Thursday, December 16, 2021

The Uplifting Ministry of the Upper Room

 This morning it felt like God was taking me into the Upper Room with Jesus. I have read the history of this last Passover many times. I have preached through the teachings of our Savior on that night. I even washed some people’s feet on one occasion because it seemed to be the way I was being led to express my love to them. And I have often put into practice the meaning of the foot-washing lesson by serving the body of Christ in love. 

But this time is different. 

As usual, this coincides with things I am going through. There are personal things that are just a fact of life. There is our town that went through a disastrous flood-event a month ago that had us evacuated for almost three weeks and many in our community suffering the loss of home and/or possessions. And there is the simple fact that the word of God is living and active, and the Holy Spirit is constantly teaching us the multi-faceted applications of God’s word to every day and experience of our lives. 

This present journey through the Upper Room scene leading to Jesus’ crucifixion has me looking at Jesus through the eyes of his disciples. I wonder what his face looked like as he loved his disciples to the end even while about to become sin and a curse for us. When his face become troubled as he told the disciples that Judas would betray him, was it a look they had never seen before, or something familiar that made them immediately feel troubled along with him? 

On one side, it feels horrible to put myself in the disciples’ place. I can tremble with the awareness of being called a betrayer and wonder what it would have felt like to repent right then and there. I barely need to imagine what it would be like to be a denier and know that the Savior had just told everybody what I am really like on the inside. Being a deserter requires no imagination at all, but it does take a huge effort to look into Jesus’ eyes and consider everything he says that night as exactly what a deserter needs to hear.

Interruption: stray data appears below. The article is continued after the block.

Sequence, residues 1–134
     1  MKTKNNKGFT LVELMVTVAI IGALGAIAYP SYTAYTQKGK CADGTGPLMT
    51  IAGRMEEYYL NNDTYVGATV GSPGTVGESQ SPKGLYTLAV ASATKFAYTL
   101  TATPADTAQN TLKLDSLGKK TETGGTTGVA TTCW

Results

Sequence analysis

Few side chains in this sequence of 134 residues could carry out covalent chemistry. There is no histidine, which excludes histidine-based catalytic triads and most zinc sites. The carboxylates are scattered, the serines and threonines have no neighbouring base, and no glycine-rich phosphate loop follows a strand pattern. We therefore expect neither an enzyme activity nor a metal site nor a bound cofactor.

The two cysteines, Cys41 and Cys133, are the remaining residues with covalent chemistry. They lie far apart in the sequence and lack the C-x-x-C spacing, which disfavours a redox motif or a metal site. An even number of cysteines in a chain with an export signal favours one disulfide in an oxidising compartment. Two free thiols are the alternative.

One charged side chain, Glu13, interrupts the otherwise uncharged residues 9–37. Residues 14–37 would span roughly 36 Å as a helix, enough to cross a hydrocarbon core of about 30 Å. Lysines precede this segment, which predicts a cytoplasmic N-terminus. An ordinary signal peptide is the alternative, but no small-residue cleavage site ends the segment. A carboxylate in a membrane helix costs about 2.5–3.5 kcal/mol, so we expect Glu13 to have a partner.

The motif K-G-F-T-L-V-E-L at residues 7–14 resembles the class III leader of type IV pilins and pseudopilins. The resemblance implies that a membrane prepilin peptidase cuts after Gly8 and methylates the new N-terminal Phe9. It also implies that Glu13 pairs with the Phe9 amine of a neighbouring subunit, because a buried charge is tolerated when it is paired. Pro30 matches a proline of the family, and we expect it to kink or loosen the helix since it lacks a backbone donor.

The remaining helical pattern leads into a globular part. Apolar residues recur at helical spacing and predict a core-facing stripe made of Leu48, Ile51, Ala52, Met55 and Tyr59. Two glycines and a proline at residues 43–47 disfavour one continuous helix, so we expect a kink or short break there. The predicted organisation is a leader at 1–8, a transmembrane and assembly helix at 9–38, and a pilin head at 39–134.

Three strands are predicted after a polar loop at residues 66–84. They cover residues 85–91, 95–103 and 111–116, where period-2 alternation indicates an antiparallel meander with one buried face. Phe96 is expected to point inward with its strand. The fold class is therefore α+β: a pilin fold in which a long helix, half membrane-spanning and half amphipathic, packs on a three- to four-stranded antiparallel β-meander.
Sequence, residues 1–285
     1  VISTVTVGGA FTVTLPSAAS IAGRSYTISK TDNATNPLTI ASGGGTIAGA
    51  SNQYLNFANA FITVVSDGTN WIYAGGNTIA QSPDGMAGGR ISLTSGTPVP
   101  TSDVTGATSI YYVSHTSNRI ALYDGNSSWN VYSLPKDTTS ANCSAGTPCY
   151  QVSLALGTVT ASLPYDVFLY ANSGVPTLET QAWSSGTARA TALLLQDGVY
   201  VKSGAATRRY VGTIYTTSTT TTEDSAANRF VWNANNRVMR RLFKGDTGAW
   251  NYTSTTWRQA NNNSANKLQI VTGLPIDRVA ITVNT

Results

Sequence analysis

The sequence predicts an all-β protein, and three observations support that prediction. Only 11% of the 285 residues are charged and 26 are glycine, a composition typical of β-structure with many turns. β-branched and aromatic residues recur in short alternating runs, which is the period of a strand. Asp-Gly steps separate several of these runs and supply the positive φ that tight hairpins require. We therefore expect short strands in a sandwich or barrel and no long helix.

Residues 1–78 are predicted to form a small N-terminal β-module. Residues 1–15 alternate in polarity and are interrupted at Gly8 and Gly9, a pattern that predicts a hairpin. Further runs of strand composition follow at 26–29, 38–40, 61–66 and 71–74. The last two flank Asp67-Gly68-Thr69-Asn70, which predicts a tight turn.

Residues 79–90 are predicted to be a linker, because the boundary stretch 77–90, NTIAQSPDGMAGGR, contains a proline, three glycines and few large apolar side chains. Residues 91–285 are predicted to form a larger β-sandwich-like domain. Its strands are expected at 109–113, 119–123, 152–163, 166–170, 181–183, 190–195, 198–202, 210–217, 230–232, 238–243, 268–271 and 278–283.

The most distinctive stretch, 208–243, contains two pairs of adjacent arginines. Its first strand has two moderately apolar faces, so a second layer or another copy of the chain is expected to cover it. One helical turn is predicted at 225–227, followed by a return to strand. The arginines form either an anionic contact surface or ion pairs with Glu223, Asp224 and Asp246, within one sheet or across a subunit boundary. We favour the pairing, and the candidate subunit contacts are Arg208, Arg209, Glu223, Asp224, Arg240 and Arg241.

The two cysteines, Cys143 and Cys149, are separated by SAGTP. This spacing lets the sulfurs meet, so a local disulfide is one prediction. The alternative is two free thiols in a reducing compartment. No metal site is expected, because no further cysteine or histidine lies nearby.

On the other side, there is a way to get to know Jesus in his love for me when he tells me that I am a denier and then I see his eyes searching me in love, and I listen to the words that come from his mouth, and I feel his love inviting me to the center stage feature of the cross where his love for me was demonstrated perfectly and completely forever. There is a way to know Jesus in his love for me when I have no doubt that I am a deserter, and that he has exposed me as publicly as he desires, and then I listen to what he is saying in wonder that this is what he would choose to communicate after telling me what a failure of a friend and disciple I am going to be.